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Lynn Nottage’s 2009 Pulitzer Prize-winning “Ruined” depicts women both exploited and defended amid civil war in the Democratic Republic of Congo. The playwright’s 2003 “Intimate Apparel” is subtler, frillier and devoid of rape or gunfire. But in Summer L. Williams’ robust staging for the Lyric Stage Company of Boston (through March 14), it is, in its quiet way, devastating.
The fictional but historically feasible story of an independent black woman in early 20th-century New York, the play, winner of the 2004 Steinberg New Play Award, was inspired by a period snapshot and is framed by a couple of them. At the center of the picture is Esther, a 35-year-old woman who as a teenager walked north from Carolina to what she hoped would be a better life. She landed in an urban stew from which neither racism nor sexism had been eliminated as ingredients. And her natural humility and social conditioning have done little to sweeten the pot.
Esther, however, has learned a trade and learned it well. Her business, though plied on an old-fashioned sewing machine in an all-female rooming house, takes her into the boudoirs of both Fifth Avenue and the racier Tenderloin district: She makes exquisite undergarments for rich white ladies and prostitutes for whom the lacy corsets and camisoles are a sort of work uniform. And sensible though she is, Esther nurses dreams of both love and entrepreneurship. (She wants to open a beauty parlor in which black women would be pampered like their white counterparts.) But as traced in the play, Esther’s pursuit of one fantasy destroys the other — at least for a while. Hers is a low-key story that in this lively production rings absolutely true. Moreover, in telling it, Nottage includes several others.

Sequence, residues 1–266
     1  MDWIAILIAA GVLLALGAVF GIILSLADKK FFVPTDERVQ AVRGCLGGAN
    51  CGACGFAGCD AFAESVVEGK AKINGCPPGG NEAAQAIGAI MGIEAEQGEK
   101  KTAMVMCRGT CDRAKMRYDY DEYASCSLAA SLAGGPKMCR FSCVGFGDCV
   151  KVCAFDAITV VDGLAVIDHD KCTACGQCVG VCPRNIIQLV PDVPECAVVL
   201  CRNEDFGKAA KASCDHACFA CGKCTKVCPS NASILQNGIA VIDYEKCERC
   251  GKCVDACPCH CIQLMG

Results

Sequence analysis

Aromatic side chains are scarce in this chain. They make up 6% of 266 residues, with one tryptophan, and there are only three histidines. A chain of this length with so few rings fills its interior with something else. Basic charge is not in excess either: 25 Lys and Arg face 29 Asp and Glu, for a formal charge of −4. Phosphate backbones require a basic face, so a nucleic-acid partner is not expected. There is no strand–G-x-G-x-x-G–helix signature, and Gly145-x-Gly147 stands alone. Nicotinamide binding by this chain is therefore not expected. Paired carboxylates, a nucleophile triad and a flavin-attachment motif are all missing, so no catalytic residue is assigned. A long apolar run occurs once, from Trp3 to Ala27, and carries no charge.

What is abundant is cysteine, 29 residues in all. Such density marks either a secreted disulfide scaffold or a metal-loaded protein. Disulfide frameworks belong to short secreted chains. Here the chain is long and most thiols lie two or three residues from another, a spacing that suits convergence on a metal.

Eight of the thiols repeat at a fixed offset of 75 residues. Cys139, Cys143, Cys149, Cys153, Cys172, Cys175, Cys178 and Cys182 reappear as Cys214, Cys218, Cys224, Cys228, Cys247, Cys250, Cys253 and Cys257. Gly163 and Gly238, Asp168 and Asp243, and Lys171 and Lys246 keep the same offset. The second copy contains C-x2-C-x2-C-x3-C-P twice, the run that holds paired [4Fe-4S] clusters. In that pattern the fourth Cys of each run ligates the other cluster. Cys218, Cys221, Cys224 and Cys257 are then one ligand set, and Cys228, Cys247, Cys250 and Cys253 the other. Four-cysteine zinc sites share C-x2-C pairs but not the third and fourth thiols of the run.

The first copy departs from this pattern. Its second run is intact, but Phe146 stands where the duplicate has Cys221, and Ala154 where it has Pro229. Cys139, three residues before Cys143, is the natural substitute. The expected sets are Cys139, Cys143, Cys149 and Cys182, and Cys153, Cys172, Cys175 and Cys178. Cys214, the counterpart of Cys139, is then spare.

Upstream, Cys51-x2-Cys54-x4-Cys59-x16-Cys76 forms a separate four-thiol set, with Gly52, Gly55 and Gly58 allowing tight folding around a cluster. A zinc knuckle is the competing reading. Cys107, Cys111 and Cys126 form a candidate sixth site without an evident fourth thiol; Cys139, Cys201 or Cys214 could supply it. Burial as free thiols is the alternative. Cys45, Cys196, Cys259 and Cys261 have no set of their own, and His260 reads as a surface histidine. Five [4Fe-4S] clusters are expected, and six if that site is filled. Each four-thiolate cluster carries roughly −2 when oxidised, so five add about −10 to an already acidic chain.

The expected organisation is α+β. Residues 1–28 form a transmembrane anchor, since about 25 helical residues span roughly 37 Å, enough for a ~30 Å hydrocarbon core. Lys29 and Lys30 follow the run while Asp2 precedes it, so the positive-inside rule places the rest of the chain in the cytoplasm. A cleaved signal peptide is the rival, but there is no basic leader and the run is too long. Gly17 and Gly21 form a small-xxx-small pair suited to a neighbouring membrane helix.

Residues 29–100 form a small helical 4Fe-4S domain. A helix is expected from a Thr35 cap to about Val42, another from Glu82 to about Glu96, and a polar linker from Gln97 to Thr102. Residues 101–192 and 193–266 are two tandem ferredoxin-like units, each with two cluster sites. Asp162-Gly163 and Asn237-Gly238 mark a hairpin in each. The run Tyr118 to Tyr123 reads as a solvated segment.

Plain-Jane Esther would appear to be the major confidante of her earthy landlady, a lonely if bejeweled Caucasian customer whose husband blames her for their childlessness, and a frank, pretty African-American prostitute who plays ragtime piano, swigs gin and would rather put up with her customers than take up a harder if more seemly trade. All three of these women have depended on men but not on romance. Esther proves a sucker for the latter, blossoming like a flower when a lonely-hearts letter arrives from a Barbados-born gentleman sweating out his living on the Panama Canal. And hers is not the only lonely heart: Mr. Marks, the Romanian-Jewish immigrant who sells Esther material, shares with her a lust for fabric that in less constricted circumstances might lead to something.
I have seen this play before and found it somewhat wan if well crafted: I wondered what the prizes and praise were about. Credit is due, then, to the Lyric staging. In Williams’ lively production, the small-scale, talky drama ranges all around a compact, atmospheric setting by Anne Sherer that includes an interchangeable bedroom with pineapple-festooned four-poster, a patch of urban brick exterior, the steep stair to Mr. Marks’ cramped lair of sensual dry goods and the little chunk of Panama suggested by Kelsey Jarboe’s sound design. Composer and music director Allyssa Jones punctuates the show with infectious ragtime ditties, and Kris Sidberry, as Esther’s prostitute pal Mayme, though she does something else for her supper, sings nicely. (Her simulated piano playing’s not bad either.)
All of the performances are satisfying, especially those by Cheryl D. Singleton as Esther’s compassionate if cautionary landlady and Nael Nacer as the orthodox fabric purveyor whose respect for cultural tradition has him as cinched in as one of Esther’s corsets would. As epistolary wooer George Armstrong, who shows up somewhat cruder in the flesh, Brandon G. Green manages both the lilting patois that has one lady friend dub him Songbird and the portrayal of a guy who does rotten things without being entirely rotten. The scene in which his mercenary motivation comes out is a veritable roll in the hay with cash that is painful to watch.
At the heart of the work, of course, is Esther, in a lovely performance by the expressive Lindsey McWhorter. Like Singleton’s Mrs. Dickson, McWhorter’s shy but steely Esther is possessed of an earthy, spontaneous laugh that, however repressed she is, seems to spring from a joyful center and hint at roiling emotional depths. Her sadder but wiser ending may be a tad subtle. But there is a hint of future generations to come along, find those stagy period photographs, and delve into the real-life stories behind them.
Carolyn Clay was for many years the theater editor and chief drama critic for the Boston Phoenix. She is a past winner of the George Jean Nathan Award for Dramatic Criticism.
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